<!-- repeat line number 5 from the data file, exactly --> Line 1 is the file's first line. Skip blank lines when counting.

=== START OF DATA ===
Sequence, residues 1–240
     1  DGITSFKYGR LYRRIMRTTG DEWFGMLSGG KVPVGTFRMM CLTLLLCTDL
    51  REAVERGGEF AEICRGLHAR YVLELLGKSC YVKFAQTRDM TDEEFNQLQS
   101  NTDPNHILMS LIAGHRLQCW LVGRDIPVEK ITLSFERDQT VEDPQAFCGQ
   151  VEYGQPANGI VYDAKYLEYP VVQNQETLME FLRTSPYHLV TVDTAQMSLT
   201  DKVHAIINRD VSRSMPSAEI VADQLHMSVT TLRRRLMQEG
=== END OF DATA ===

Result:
   151  VEYGQPANGI VYDAKYLEYP VVQNQETLME FLRTSPYHLV TVDTAQMSLT